History of The King Sport – Horse Racing ( part 1)

Roman era to Middle Ages

Around 200 AD, the very first horse races took place in Great Britain were organised by Carl. However not until the 9th century that there is a written mention of ‘running-horses’ is a record, from the French House of Capet. The horses are gifts to King Athelstan of England.

During the reign of Henry II, the first race meetings were recorded at Smithfield during the annual St Bartholomew’s horse fair.

For the next three centuries there are numerous Kings of England keeping possession of running-horses. Edward III bought horses at £13.7 each, and was also gifted two by the King of Navarre which growing the royal stud throughout the reign of Henry VII.

16th Century

During the time of Henry VIII, the king passed a number of laws relating to the breeding of horses while importing a large number of stallions and mares. He also built a training establishment at Greenwich and a stud at Eltham.

That is also the time that formal race meetings started to be instigated. In 1512, the first occurrence of a trophy made of wooden ball decorated with flowers. was presented to the winner of a race by organisers of a fair in Chester. The racing at Chester is also the oldest surviving racecourse in England. In the 1580s Queen Elizabeth I attended races on Salisbury Plain.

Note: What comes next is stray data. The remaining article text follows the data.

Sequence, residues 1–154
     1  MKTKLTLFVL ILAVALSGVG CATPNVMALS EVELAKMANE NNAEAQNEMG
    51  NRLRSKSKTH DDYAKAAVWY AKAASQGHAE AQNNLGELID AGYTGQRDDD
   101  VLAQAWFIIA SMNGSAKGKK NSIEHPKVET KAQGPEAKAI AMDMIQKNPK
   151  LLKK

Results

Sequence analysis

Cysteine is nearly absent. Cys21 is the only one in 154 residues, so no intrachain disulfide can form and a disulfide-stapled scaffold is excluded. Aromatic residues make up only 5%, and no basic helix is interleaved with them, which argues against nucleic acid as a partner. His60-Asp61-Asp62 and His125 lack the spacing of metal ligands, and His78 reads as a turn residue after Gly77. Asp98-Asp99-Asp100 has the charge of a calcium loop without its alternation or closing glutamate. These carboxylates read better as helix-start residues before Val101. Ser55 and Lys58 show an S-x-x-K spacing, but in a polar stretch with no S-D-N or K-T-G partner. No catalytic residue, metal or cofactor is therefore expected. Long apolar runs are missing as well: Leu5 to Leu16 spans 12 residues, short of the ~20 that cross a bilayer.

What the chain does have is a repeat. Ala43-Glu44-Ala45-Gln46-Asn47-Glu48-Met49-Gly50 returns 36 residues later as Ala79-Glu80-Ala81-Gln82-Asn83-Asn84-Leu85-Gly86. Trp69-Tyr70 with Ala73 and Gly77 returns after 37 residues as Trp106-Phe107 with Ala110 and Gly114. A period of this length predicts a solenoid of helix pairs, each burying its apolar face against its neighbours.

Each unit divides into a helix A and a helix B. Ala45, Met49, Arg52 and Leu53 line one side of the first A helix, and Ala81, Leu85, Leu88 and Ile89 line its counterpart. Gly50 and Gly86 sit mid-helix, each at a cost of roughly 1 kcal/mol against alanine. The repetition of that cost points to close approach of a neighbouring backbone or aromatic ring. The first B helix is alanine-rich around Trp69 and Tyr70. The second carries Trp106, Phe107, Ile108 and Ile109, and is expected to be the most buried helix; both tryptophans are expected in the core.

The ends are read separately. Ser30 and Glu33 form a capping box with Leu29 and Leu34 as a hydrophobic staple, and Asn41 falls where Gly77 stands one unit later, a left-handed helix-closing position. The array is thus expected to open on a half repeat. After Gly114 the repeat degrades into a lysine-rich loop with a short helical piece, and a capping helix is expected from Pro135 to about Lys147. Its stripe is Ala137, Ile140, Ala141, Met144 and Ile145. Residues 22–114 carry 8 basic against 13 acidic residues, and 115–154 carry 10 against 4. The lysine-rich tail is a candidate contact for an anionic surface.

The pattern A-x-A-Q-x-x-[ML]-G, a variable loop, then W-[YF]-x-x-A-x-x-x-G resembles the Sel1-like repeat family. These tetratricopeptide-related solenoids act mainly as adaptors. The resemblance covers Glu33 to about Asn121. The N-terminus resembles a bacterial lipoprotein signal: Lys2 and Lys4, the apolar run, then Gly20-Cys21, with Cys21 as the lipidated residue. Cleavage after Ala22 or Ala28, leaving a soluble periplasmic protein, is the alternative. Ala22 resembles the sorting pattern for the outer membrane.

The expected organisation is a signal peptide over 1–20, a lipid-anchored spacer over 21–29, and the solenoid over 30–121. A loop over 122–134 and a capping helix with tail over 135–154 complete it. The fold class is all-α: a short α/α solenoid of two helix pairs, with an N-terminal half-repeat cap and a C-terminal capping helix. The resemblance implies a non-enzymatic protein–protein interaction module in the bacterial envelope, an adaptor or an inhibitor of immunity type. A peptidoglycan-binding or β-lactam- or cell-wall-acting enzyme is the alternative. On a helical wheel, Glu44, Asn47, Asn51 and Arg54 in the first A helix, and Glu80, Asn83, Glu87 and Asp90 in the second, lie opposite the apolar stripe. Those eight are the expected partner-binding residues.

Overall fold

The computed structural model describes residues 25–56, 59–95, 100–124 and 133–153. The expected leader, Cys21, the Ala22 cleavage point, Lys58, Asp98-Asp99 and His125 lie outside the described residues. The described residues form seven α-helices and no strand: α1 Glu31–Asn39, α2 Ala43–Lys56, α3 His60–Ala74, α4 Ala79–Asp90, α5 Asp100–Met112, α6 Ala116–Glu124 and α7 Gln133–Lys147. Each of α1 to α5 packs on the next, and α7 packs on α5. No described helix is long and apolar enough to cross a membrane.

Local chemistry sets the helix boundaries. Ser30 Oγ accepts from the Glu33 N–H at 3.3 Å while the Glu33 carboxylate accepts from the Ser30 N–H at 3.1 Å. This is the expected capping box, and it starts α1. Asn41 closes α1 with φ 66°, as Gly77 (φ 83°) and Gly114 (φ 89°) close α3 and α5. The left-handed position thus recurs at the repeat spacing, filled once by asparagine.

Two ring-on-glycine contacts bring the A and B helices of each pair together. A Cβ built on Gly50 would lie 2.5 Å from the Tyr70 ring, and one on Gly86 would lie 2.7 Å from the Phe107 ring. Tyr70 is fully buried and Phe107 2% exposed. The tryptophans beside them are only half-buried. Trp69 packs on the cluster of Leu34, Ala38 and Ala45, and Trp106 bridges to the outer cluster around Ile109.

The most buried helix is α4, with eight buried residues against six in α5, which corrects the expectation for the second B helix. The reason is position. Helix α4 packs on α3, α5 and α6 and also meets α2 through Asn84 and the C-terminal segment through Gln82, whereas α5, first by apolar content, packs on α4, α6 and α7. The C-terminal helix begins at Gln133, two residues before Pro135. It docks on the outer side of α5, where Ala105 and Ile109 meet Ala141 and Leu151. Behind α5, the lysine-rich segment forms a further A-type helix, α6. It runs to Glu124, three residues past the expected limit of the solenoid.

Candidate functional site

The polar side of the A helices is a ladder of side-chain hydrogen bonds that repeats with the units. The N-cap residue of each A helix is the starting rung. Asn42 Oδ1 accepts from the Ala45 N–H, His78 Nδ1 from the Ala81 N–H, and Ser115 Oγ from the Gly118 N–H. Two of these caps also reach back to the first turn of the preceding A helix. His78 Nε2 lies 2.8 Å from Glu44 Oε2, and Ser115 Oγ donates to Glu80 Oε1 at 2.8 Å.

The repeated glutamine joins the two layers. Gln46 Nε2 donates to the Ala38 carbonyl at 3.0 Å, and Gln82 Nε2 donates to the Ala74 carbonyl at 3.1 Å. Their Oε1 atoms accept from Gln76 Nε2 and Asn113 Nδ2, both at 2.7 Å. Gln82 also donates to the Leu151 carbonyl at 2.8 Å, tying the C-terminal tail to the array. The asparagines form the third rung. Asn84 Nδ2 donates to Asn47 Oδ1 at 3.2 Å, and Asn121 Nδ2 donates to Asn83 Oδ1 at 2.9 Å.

17th century

During the reign of Elizabeth, interest in horse racing seems to have waned for unknown reasons. But this changed during the reign of James I who discovered the little village of Newmarket and began to spend time there racing horses. Ever since, Newmarket has been known as the home of horse racing in England. The first recorded race in Newmarket was a match for £100 between horses of Lord Salisbury and Marquess of Buckingham in 1622. It was so popular that the racecourse was quickly founded in 1636 and spring up everywhere in the country.

During the reign of Charles I, Spring and Autumn race meetings were presented to Newmarket and in 1634 the first Gold Cup event was held.

All horse racing was then banned in 1654 by Oliver Cromwell; however, Charles II restore the game and he instituted the Newmarket Town Plate in 1664.

This is also the time that three foundation sires of the modern thoroughbred, including the Darley Arabian, Byerley Turk, and Godolphin Barb were imported to England which are the predecessor  of every modern thoroughbred racehorse. However, the improvement of the breed was not purely for sporting purposes but also for warfare and conquest.